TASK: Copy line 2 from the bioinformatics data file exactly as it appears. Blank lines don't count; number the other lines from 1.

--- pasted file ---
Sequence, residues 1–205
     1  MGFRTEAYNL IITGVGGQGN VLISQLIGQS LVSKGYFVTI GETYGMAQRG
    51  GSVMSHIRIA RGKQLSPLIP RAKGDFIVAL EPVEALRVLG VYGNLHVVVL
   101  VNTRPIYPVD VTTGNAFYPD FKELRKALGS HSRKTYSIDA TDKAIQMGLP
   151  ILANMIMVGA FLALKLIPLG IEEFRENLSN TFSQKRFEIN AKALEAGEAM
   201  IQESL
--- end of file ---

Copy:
     1  MGFRTEAYNL IITGVGGQGN VLISQLIGQS LVSKGYFVTI GETYGMAQRG